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22.12.14

Cuts ‘hit Birmingham hardest’ of all core cities

Birmingham City Council will see its spending power cut by the equivalent of £160 per dwelling, the most of any core cities in England, the local authority’s leader has warned.

Following last week’s Local Government Financial Settlement announcement by Kris Hopkins, the already under-pressure authority said its spending power will be reduced by 6% in 2015-16 (£156.77 per dwelling), compared with an average in England of 2.1% (which equates to £47.47).

Although the cut is in line with what the council feared, the speed of the cuts is “seriously hampering” its attempts to plan for the future. It said this forthcoming year is “the most difficult it has had to face so far”.

In response to the settlement, Labour’s Sir Albert Bore, leader of Birmingham City Council, said: “I am extremely disappointed that the government has not responded to Birmingham’s proposal, which had cross-party support, for a fairer approach to the distribution of grant cuts.

“The cuts confirmed today are equivalent to almost £160 per dwelling and the cut is the greatest of all eight core cities in the country. This essentially echoes the warnings we issued when our budget white paper was published.”

That white paper reviewed every aspect of Birmingham’s expenditure for next year, and suggested making more use of its reserves as a transitional arrangement. It now needs to make £117m of savings next year, rising to £338m by 2017-18. This is on top of the £462m it has saved so far.

The local authority, which was told recently by the communities secretary that it had a year to “improve its performance” or face further intervention, added that despite the financial pressure it is intending to provide a further £19.9m per year from 2015–16 for child protection services, in addition to the extra £9m per year already put in place in 2014–15.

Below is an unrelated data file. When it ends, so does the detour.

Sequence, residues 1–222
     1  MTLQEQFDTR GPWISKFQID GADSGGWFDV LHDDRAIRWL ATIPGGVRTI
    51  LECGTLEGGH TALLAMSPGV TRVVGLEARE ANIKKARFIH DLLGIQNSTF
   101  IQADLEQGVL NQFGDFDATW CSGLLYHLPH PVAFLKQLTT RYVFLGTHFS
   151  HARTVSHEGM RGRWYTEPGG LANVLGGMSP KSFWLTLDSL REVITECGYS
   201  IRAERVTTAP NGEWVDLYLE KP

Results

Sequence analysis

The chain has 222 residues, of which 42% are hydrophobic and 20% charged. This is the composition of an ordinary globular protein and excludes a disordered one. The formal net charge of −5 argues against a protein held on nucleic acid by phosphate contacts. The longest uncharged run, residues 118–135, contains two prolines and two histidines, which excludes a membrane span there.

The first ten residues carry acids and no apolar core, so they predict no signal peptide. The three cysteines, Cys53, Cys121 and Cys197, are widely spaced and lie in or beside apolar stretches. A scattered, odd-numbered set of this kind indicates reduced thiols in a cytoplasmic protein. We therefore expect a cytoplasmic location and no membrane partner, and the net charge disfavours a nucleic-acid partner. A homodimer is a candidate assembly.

Sir Albert said: “These resources will meet the expected increase in needs and allow for the recruitment of more social workers. However, it is clear from the review undertaken by Lord Warner, the appointed Commissioner for Children’s Safeguarding, that this will not be enough to meet the full cost of the children’s services improvement programme over its lifetime to 2017–18. We will continue to discuss with central government the funding of the three-year children’s improvement plan.”

Cllr Steve Eling, deputy leader of neighbouring Sandwell Council, said the funding settlement had hit the areas with the highest deprivation the hardest. “If the government continues to take this much money out of local government, frontline services are going to suffer,” he said.

Another of the country’s core cities, Liverpool, has expressed its dissatisfaction with the latest settlement. Liverpool’s mayor Joe Anderson says the latest local government settlement will inevitably mean more pain for council services – with the city hit more than three times harder than the national average.

The government’s own figures show Liverpool faces a reduction of 5.9%  in ‘spending power’ in 2015-16. Cllr Anderson added: “This latest announcement does not give me any Christmas cheer, but it is hard to know how bad it really is until we have are able to dig into the detail and get behind the smoke and mirrors from Whitehall. 

“I have said before that we are facing the biggest financial challenge ever, and that there is no white charger coming over the hill to save us.”

(Image: c. Steve N)

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